February 27, 2015
TSG IntelBrief: Jihadi John and Terror’s Celebrity Factor
As much as its black flag, the Islamic State is associated, at least in the West, with a singular figure of masked menace. The sadistic executioner of hostages, dubbed “Jihadi John,” has become what every terrorist group craves: a terror celebrity who generates as much interest as he does fear. The apparent identification of Jihadi John as Mohammed Emwazi has created intense interest because of the notoriety generated by this brutal pseudonym. Ripping away the moniker Jihadi John and calling him by his real name will likely lessen his mystique but will increase global interest in his next appearance.
The image of Emwazi, all-in-black against the backdrop of stark landscapes, has become horribly iconic, with his words, while important, mattering less than his visage and celebrity. Most people have mercifully not watched his videos but the still images of him linger just as much. The larger-than-life persona of the masked individual calmly taunting global powers can create the erroneous impression of a larger-than-life movement—an impression that leads to fear-based policies and reactions that could play into the Islamic State’s need for just that. It’s why the Islamic State put him in front of the camera.
Adding to the power of the visible celebrity is the nom de terreur—in this case, “Jihadi John.” It would be a mistake to underestimate the effect of a catchy name juxtaposed upon a horrific individual in terms of perceived power and presence. Earlier examples of this lethal celebrity include “the Son of Sam,” “the Unabomber,” and the “the Night Stalker.” Yet in those cases, the public only had the stage names to fear, as it was only after their arrests or just prior to that their faces and names became known. Furthermore, these criminals never become the visual representative of an ideology or group, something Jihadi John has done over the past six months. Jihadi John has become, in spite of all the other violent imagery produced by Islamic State media, the masked face of terror.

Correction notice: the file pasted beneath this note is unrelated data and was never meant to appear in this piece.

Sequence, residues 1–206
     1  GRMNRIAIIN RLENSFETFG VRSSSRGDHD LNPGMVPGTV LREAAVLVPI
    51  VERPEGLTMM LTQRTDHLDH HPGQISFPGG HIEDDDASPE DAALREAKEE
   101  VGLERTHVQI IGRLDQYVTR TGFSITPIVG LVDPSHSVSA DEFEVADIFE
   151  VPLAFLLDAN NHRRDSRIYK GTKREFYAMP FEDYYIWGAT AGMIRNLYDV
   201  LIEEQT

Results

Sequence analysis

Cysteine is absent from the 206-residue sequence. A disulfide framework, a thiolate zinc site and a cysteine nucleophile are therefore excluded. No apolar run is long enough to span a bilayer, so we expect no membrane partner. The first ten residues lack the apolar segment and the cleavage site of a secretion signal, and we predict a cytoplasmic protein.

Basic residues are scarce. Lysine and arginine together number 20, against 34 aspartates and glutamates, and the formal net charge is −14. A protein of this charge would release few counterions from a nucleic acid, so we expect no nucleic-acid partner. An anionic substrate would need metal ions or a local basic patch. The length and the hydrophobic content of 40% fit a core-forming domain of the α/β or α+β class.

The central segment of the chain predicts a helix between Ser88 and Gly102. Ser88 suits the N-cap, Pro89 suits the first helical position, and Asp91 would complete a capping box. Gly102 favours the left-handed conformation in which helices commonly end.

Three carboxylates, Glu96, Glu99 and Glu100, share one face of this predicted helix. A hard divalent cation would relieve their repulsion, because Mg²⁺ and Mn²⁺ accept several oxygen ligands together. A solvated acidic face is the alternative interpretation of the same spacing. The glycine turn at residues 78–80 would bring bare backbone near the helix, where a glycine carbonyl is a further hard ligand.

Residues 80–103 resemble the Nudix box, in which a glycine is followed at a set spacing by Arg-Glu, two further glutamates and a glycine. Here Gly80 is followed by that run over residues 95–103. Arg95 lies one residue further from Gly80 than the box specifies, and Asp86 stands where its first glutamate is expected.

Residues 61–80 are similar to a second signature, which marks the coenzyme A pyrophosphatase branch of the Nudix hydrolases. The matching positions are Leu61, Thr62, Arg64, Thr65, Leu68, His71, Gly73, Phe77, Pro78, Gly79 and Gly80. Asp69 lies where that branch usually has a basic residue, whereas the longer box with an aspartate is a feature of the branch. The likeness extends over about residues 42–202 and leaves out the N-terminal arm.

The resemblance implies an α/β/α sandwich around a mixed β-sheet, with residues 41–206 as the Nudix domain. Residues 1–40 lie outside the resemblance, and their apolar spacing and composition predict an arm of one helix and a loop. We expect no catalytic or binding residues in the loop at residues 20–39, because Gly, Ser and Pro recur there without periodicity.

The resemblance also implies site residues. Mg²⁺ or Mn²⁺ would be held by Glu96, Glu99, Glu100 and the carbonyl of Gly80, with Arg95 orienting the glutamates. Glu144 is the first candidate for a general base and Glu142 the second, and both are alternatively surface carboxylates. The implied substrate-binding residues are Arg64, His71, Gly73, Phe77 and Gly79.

There have been far too many videotaped murders of hostages by masked members of groups such as al-Qaeda and the precursor group to the Islamic State, al-Qaeda in Iraq (AQI). However, the Jihadi John murders are different. A masked Khalid Shaykh Muhammad was filmed murdering journalist Daniel Pearl in 2001; AQI leader Abu Mus’ab al-Zarqawi was filmed murdering several hostages in 2004. But those two were more interested in conveying a message than being the message. Jihadi John, with his British accent and theatrical poses, was as much a message to the Western audience as the murders themselves.
It remains to be seen how the group reacts to the identification of Emwazi; will he remain masked or will he remove it? These are more than superficial questions. More so than any other terrorist group, the Islamic State depends on imagery and its brand (though dysfunctional governments and armed chaos certainly help their cause more). The celebrity terror factor is important for the group as it faces increasing military pressure and its true leadership does all it can to avoid the spotlight. It needs now more than ever to put a terrorizing figure as the face of its motto “remaining and expanding.”
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